For histological examination of EGFP fluorescence, each section was examined by fluorescent microscopy for EGFP. For immunohistochemical examination of cell markers with EGFP fluorescence, the sections were gently washed three times (10 min each) in PBS, and then permeabilized and blocked at room temperature for 1 hr in 4% normal goat serum in PBS containing 0.1% Triton X-100. For immunofluorescence imaging of the marker proteins for neurons, astrocyte and microglia, spinal the spinal sections were incubated overnight at 4°C with mouse anti-NeuN (1:100, Chemicon, Temecula, CA), mouse anti-GFAP (1:100, Sigma, St. Louis, MO) or mouse anti-OX-42 (1:100, Serotic, Ltd., Oxford, UK) monoclonal antibody in PBS containing 0.1% Triton X-100 and 4% normal goat serum. The sections were washed three times in PBS, and incubated with Alexa Fluoro 568-labeled goat anti-mouse IgG antibody (1:200; Molecular Probes) in PBS with 0.1% Triton X-100 and 4% normal goat serum for 1 hr at room temperature. Images were constructed by measuring the fluorescence signal using a Nikon Diaphot 200 microscope equipped with a laser scanning confocal imaging system (MRC-1024 system; Bio-Rad Laboratories, Hercules, CA) with excitation lines of 488 and 568 nm.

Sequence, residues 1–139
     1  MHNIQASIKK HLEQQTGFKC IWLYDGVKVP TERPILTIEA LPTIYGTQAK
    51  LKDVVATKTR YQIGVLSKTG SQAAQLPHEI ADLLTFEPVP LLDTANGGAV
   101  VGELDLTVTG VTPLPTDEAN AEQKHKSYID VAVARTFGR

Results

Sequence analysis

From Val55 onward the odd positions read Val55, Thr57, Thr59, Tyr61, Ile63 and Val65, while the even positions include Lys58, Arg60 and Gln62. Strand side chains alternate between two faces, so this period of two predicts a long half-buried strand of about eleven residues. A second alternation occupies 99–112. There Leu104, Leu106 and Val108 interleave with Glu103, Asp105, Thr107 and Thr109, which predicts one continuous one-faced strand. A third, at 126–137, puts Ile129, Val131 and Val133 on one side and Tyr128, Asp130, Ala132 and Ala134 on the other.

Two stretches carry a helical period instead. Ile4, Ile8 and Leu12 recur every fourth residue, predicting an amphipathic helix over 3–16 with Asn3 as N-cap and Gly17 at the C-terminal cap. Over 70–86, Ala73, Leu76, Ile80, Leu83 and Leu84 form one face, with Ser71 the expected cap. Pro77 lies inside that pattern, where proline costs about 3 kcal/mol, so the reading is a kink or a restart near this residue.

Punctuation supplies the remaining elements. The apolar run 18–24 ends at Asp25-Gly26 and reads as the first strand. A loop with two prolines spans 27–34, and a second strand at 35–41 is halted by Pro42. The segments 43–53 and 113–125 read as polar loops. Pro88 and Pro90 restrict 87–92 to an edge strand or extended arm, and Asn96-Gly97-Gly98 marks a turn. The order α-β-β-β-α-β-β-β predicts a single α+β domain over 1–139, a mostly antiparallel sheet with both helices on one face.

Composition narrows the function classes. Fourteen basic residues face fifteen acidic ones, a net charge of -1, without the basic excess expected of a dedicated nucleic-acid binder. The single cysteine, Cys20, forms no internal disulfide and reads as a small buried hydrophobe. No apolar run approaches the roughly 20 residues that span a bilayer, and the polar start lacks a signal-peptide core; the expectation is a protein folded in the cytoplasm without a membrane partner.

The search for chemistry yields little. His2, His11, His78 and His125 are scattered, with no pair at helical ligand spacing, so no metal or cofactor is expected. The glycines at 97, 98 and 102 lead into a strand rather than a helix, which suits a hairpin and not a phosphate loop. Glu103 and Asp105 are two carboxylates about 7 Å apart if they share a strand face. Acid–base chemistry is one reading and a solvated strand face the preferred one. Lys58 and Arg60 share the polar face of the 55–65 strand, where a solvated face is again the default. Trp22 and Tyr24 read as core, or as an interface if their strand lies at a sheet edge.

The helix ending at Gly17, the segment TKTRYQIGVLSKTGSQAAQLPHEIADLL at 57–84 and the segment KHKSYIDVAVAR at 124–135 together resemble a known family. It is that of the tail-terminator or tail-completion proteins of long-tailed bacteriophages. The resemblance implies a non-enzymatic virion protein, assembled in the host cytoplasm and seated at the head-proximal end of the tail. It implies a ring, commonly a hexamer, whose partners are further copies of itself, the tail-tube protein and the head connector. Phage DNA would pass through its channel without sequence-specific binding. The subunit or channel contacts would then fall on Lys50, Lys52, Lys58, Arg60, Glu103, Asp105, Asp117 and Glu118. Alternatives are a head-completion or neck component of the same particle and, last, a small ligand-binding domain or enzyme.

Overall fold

Acute inflammation was produced by subcutaneous injection with a mixture of 2% λ-carrageenan and 2% kaolin dissolved in saline (0.1 ml) into the plantar region of the right hind paw, as previously described .
pSNL, a well-characterized rat model of neuropathic pain, was performed as previously described . Briefly, under diethylether anesthesia, a skin incision was made, and the right sciatic nerve was exposed just distal to the branch leading to the posterior biceps femoris/semitendinosus muscles. The 1/3–1/2 dorsal section of the sciatic nerve was ligated tightly with 7-0 silk suture. The wound was closed by suturing the muscle and skin layers. After recovering from the anesthesia, almost all animals showed guarding of the hind paw, but none engaged in autotomy.